Last summer my wife and I honeymooned in Sydney, Australia. Her version of the story is I honeymooned while she worked. True. Still we were there for two weeks and got to go around together on her days off. And truly the Opera House is as picturesque as it appears in photographs or on TV. While Kathy worked, I wrote, explored the city’s botanical gardens, museums and Aquarium. In general I soaked in the energy, astrosphere, the interesting blend of people and the culture. In Sydney essays burst through my hands out my fingers and onto the pages of my notebook. From outdoor cafes I look out to Sydney and it fed me back energy to which I’d scribe for hours. And in those moments, and now as I reflect back, no negative thoughts hovered in my mind, looking for entry eating away at my peace. The negative voices never spoke to me; I stayed in a hopeful productive space with regards to my writing and my writing future. Dreaming and living in Technicolor became my motto though at the time I hadn’t considered it.
Without trying, I’d reconnected to the beginner’s mind in Sydney. And without the sights and sounds of the city I live in I innocently open myself to something new. This newness sparked my brain, fired up my synapses to simply write without a past and unfettered by the future.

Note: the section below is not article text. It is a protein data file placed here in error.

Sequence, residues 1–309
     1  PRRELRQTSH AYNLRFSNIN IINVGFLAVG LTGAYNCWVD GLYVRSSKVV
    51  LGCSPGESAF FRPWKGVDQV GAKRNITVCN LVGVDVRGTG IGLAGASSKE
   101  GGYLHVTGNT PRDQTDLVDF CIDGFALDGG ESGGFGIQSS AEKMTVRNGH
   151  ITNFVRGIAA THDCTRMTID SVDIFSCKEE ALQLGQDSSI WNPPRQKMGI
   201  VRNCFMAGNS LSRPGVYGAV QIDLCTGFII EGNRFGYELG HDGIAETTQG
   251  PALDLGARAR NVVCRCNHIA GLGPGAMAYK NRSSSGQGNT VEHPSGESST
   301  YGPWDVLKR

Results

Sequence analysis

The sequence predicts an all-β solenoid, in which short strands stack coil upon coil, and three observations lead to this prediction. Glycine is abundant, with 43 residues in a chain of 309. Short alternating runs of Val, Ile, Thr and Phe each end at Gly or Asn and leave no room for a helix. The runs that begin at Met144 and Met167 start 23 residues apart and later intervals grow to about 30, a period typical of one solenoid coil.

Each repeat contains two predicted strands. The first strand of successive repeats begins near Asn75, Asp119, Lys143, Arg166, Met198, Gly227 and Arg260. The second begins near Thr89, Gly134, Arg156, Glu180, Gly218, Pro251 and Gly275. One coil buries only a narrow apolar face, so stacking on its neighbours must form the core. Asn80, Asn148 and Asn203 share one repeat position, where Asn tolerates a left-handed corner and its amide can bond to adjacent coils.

Recapturing the beginner’s mind has been one tool I now use to stay positively connected to my writing life. I am a little more fearless with coaching perhaps because I am a beginner. In my neighborhood there is a rose garden that I’ve always loved. Roses of all colors and sizes reside there. After Sydney I adopted the Rose Garden as my personal botanical garden where I’d often take walks, jog and photograph the landscape, sometimes recording the changes that occur. A month ago a huge tree fell and over the course of it lying on its side, I photographed its stunning grace and its ultimate removal. Something about recording the progress of that tree and my movements in the rose garden has taken me back to Sydney. I’m learning even walks in my neighborhood can clear out the negative self-talk. And in a way I’ve decided to make friends with those voices. When they say we can’t do this or that I take them for a walk in the Rose Garden, to photograph flowers, to see how the sun light create shadows through the trees in the late evening hours. Sometimes a single picture can combat a hundred negative thoughts.
Creativity has many voices.
The Oakland Rose Garden
Sydney's Opera House